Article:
A visit to Joey’s

I mentioned on October 23rd that we had been to Brighton with friends but I did not mention then that when we changed trains at East Croydon, I left my shoulder bag on the train! I eventually contacted lost property and they took down my details, saying that if they found the bag, it would take up to a week to let me know. As a week has passed, I can only assume that the bag has either not been recovered or has not been matched with my claim.

Tailback on Pentonville Road
Tailback on Pentonville Road

So this morning I set off on foot to Kings Cross, intending to buy a new bag in a luggage shop there. I walked, partly for the exercise, but also because there is a tube strike today which means the roads are jammed and it is quicker to go by Shanks’s pony than to take the bus.

When it's quicker by Shanks's pony
When it’s quicker by Shanks’s pony

Another reason for walking was because I wanted to take another look at the park on the way. This photo, taken from one end, may give you some idea of the park’s history. Note the gravestones piled against the far wall and the copper features in the foreground.

Once a burial ground, now a park
Once a burial ground, now a park

The section of the park shown in the picture used to be the burial ground of Pentonville Chapel, later known as St James’s Episcopal Chapel (built 1787-8), which was demolished in 1980. The burial ground had already become a public garden in the 19th century and was extended in the 20th.

Dog-free area
Dog-free area

The park has a combination of shaded areas, as in the first photo, and open grass, such as the dog-free area above, fenced off and entered by a gate.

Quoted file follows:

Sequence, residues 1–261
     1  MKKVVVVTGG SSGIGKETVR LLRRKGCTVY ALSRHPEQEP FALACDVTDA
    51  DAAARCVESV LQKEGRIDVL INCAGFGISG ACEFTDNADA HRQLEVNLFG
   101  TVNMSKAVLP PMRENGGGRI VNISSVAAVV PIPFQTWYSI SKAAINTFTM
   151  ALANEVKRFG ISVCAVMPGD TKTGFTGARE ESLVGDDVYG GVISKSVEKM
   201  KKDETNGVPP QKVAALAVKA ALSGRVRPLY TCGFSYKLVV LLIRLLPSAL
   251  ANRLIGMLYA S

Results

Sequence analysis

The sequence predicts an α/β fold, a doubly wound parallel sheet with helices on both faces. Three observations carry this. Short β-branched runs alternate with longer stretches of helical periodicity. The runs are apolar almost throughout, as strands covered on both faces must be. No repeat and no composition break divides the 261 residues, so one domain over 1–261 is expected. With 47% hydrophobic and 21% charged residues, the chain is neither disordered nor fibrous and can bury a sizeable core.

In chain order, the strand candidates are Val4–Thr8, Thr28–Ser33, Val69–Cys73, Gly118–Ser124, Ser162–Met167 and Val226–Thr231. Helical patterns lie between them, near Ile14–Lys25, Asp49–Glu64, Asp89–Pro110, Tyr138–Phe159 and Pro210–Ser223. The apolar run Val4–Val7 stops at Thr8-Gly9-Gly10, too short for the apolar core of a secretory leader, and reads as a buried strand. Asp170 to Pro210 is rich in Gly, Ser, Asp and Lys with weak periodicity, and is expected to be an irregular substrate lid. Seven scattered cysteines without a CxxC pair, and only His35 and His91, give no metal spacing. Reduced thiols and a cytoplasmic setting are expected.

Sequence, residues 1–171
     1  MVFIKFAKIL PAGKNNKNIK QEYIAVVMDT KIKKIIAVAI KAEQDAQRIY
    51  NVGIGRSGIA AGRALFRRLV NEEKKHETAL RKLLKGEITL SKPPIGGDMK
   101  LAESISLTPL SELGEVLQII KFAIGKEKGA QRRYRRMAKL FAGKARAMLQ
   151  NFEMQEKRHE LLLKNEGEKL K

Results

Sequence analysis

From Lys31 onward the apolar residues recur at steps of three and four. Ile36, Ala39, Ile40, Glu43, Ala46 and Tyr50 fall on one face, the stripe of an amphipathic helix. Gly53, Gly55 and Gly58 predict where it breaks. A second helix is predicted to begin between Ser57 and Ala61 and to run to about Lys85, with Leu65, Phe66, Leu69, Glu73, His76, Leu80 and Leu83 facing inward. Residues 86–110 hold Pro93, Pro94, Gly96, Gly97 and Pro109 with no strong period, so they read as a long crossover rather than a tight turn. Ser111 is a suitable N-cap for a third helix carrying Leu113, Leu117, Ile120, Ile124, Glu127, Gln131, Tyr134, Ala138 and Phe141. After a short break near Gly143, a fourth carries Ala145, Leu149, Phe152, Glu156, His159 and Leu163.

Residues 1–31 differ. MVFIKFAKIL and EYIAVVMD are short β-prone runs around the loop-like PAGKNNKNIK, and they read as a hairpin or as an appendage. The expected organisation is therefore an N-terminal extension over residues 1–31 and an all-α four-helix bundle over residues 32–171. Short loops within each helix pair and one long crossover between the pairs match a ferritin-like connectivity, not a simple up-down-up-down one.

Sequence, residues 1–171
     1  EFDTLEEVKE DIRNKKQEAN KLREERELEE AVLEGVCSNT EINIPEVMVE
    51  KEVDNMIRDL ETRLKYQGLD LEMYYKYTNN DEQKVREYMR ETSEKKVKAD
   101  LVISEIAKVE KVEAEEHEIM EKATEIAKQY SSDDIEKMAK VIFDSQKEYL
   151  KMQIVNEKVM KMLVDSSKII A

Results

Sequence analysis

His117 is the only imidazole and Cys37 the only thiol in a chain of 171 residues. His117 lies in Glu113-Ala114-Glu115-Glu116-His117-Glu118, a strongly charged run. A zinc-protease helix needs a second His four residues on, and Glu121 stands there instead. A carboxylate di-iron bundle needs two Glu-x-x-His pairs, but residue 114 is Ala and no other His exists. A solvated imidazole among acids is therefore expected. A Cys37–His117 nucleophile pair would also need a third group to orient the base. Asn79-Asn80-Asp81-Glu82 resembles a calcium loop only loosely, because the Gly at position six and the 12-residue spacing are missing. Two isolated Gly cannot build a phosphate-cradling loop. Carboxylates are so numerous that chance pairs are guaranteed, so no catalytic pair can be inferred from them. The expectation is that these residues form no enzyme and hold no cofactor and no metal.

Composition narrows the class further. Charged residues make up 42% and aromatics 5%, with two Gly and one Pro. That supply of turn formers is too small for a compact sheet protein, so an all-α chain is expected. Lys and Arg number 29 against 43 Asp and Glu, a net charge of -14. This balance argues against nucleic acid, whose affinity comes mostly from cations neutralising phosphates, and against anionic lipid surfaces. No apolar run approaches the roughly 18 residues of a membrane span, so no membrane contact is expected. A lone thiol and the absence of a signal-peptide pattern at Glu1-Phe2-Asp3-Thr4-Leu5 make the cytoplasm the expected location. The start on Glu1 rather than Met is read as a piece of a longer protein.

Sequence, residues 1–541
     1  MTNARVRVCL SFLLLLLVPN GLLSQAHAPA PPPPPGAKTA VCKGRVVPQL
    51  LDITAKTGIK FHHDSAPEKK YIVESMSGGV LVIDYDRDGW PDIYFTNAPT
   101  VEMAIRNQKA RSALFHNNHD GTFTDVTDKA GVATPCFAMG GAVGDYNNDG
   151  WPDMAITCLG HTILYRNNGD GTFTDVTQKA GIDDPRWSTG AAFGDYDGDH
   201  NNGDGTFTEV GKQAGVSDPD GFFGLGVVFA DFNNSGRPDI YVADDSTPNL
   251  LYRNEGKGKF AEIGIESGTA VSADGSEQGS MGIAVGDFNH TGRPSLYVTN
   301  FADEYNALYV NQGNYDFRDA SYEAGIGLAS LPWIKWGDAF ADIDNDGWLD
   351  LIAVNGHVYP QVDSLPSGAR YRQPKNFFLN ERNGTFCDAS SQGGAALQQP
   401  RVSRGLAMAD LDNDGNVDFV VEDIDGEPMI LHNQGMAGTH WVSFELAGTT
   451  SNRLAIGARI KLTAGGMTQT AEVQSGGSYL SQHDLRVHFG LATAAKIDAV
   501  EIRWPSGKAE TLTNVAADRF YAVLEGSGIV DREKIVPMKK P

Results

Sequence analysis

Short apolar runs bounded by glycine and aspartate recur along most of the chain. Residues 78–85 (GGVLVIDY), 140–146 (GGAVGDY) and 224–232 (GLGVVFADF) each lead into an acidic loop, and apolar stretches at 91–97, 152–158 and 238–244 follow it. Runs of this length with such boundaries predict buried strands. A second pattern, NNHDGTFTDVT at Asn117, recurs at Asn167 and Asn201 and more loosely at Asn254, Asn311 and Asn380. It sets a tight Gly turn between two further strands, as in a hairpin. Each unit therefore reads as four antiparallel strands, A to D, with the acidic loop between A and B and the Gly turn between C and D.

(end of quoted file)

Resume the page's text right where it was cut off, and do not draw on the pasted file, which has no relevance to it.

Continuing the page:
An adventure playground
An adventure playground

The park includes a basketball court and the adventure playground shown in the above photo. For many people, however, the importance of the park has to do with a person whose grave is preserved in the old burial ground.

The park's famous tomb
The park’s famous tomb

You may be able to read the name on the plate in front of the grave but, if not, the name of the park gives away his identity: The Joseph Grimaldi Park. I am told that professional clowns and entertainers visit the grave to this day.

Drama masks on Joseph Grimaldi's tomb
Drama masks on Joseph Grimaldi’s tomb

Joseph Grimaldi (1778-1837) lived and died near here in Clerkenwell. His debut on stage, at the age of 3, was in Sadler’s Wells, but a stone’s throw away. He grew up to be much loved by the public and admired by professionals. The familiar word “Joey”, meaning a clown, comes from his name. It’s good to think that he is still held in people’s affection today and is celebrated by the borough in which he lived.

Old walls with buttresses
Old walls with buttresses

The oldest features of the park are perhaps the walls which, as seen here, are bulging in places and have had to be buttressed.

Copper objects: are they art works?
Copper objects: are they art works?

These are the copper objects I mentioned at the beginning. What do you reckon they are? They look a bit like graves and bear RIP inscriptions, one of which is to Joseph Grimaldi, whose tomb is, as we have seen, elsewhere. And why is there a grille all the way around – to let their ghosts out on Hallowe’en? And what are the panels for?

Copper grave with panels
Copper grave with panels

The panels are not lids – I did try them to see whether they would open! I got a glimpse of their true purpose only by accident when I irreverently walked across one of the “graves”: when you tread on a panel, this rings a bell, and each bell has a different note. Only some of the panels actually ring but I imagine all of them are supposed to do so. I therefore deduce that this is some kind of public art, reflecting the original purpose of the park.

Remains of a drinking fountain
Remains of a drinking fountain

I walked on down, almost to Kings Cross station, and found a suitable bag in the shop there. Then I walked all the way back up the hill to home because the traffic was still crawling at a snail’s pace.

The traffic: still crawling at a snail's pace